Google writes the internet's first rule book
The regulator’s rule book for deciding what is permissible on today’s roads is very thick indeed. The content, behaviour and performance of “stuff on roads” is massive, and grows by the day. Try hot-rodding your lawnmower – or deciding that on Thursdays, you will only make left turns, and see how far you get.
By contrast, the regulator’s rule book for deciding what is permissible on the internet – its content, behaviour and performance – couldn’t be simpler. There isn’t one.
And that’s the case for most countries in the world. Of course, there are established state laws on business, copyright, and defamation that have been extended to the internet, but that’s not the same thing. So the evolution of the technology is the consequence of the private agreements we enter into, between ourselves and the network operator, as the consenting adults we are.
So today’s internet is an anarchy, where users can drive what they like. And despite the fact that bad, anti-social applications can run riot – and they do – people seem to like it this way. It’s an anarchy which carries the overwhelming consensus of internet users. No one (actually, almost no one) is Marching With Placards demanding that some state agency protect us from ourselves, and write a book of rules specifically for what should be technically permissible.
For almost twenty years, internet engineers have persuaded regulators not to intervene in this network of networks, and phenomenal growth has been the result. Because data revenues boomed, telecoms companies which had initially regarded packet data networking with hostility, preferred to sit back and enjoy the returns.
But that’s changing fast. Two months ago the US regulator, which scrupulously monitors public radio for profanity, and which spent months investigating a glimpse of Janet Jackson’s nipples, decided it needed to start writing technical mandates. And so off it went.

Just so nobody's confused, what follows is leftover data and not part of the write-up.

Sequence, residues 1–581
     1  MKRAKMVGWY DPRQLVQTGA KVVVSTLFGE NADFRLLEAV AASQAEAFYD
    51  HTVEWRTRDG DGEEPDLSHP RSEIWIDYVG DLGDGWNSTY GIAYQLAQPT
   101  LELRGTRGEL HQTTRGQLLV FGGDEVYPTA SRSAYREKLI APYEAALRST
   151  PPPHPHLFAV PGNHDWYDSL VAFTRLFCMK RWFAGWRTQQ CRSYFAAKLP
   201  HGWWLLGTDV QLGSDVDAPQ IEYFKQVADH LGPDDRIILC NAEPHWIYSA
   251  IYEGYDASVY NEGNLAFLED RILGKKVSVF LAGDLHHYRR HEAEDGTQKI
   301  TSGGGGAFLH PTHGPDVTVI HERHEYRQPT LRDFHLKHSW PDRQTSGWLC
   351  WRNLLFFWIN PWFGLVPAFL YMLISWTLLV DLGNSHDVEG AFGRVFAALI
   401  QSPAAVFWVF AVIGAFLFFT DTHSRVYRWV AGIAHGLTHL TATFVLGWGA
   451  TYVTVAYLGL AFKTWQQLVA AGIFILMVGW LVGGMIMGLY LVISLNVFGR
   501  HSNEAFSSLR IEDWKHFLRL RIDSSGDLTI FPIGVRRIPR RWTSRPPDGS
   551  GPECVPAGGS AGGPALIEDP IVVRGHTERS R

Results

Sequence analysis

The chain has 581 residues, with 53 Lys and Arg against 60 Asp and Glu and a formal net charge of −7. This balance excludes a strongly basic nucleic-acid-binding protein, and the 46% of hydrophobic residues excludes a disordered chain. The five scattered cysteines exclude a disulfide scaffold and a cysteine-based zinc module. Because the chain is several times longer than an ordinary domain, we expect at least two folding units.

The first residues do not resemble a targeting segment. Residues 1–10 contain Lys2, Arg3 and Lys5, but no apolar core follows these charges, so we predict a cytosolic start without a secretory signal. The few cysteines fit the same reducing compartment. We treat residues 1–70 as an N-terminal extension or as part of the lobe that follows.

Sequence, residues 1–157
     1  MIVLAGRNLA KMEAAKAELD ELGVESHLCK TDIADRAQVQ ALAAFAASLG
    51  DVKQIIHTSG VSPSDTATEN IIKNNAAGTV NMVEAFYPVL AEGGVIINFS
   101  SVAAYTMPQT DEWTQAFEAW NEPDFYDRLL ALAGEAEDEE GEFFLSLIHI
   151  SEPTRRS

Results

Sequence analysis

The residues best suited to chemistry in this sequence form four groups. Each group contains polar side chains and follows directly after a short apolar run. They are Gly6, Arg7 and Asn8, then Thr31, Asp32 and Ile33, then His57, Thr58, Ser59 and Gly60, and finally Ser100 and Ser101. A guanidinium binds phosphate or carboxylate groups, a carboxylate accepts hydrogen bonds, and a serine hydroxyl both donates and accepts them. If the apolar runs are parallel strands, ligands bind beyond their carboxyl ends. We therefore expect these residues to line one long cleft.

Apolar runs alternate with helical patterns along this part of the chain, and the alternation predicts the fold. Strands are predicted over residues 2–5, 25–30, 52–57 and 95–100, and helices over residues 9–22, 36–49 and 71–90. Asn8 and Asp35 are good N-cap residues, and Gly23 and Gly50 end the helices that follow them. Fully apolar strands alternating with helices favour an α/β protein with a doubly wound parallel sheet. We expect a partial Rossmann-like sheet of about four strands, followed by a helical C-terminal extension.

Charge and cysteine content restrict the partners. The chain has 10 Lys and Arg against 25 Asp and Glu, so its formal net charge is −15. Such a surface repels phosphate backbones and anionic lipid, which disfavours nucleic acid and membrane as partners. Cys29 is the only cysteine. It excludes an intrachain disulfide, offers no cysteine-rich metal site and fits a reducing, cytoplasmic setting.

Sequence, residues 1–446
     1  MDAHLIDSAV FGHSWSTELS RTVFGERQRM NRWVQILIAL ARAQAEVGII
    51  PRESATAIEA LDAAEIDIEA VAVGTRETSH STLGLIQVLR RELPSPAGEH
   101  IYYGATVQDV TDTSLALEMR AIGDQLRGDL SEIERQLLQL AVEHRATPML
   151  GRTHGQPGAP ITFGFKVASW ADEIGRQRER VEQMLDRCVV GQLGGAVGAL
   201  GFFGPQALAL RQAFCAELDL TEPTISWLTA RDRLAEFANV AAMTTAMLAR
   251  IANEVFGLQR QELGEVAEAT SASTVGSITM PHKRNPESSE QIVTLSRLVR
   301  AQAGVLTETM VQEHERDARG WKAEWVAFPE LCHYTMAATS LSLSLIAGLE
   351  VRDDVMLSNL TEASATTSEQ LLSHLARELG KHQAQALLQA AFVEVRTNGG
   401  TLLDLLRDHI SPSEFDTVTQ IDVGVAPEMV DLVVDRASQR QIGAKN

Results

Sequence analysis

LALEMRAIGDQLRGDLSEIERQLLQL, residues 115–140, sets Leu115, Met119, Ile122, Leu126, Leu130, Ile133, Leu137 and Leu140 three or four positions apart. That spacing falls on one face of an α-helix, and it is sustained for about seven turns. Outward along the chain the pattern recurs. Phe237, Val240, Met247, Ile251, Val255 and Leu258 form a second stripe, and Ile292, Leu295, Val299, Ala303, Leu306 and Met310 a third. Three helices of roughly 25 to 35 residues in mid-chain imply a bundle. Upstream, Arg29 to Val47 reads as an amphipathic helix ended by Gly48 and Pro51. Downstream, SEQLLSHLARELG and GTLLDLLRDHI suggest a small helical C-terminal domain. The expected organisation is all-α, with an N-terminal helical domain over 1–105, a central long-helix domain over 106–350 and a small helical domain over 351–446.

Unnoticed by almost everyone, so did the EU.
“It’s the revenge of the unemployed Telecomms Regulator”, one seasoned observer in Brussels told us this week. “The internet really put them out of business. Now they’re back.”
Here’s a glimpse into the hitherto unreported politics going on in Brussels. The decisions being made are historic: the consequences dictate the future architecture of our networks, with implications worth billions of Euros.
A whole new rule book
The driving force behind the new rules is surprising. It’s not the business world’s natural bureaucracies, the telecoms companies with their ancestry as state-owned or state-regulated monopolies. It’s actually Google.
The power play is over how data intensive, high quality services such as video will be delivered. Only a handful of large US companies make any significant revenue from the web. In Web 2.0 land, start-ups talk of being in the “pre revenue phase”.
While Google monopolises the “web economy”, effectively setting the price of doing business on the web, it’s a small pot compared to incumbent operators, either mobile or fixed, who send almost every household at least one utility bill a month. Even with the turnover, or “churn” of the mobile business, that’s a stream of income web companies such as Amazon.com and eBay can only dream about.
Google’s plan is simple. It will simply remove the ability of infrastructure companies to make money. Google can avoid competing with access networks, because it doesn’t need to. By pouring billions into content networks instead – its own private internet – it can stand by and watch those last mile businesses become increasingly unprofitable.
Today, providing an access network for the consumer to use data is not a profitable business: there just aren’t enough people willing to pay for it. But TV and mobile telephony have proven demand. So the operator can use the profits from cable TV or mobile to invest in the data capacity. We’re seeing the fruits of this cross-subsidy model in the UK, with fast wireless broadband now available on pay-as-you-go for under a tenner a month. These national data networks couldn’t have been built if the operator didn’t have the prospect of steady income from telephony – only a fool or a gambler would have have invested the capital.
Google’s strategy was in evidence in its “bidding” for a chunk of wireless spectrum in the US this year. Google tabled a bid not to win the auction, but so it could enforce rules on the eventual winner, Verizon. And these rules (eventually watered down in a compromise) made it much harder for the winner to cross subsidize data using those traditionally profitable voice revenues.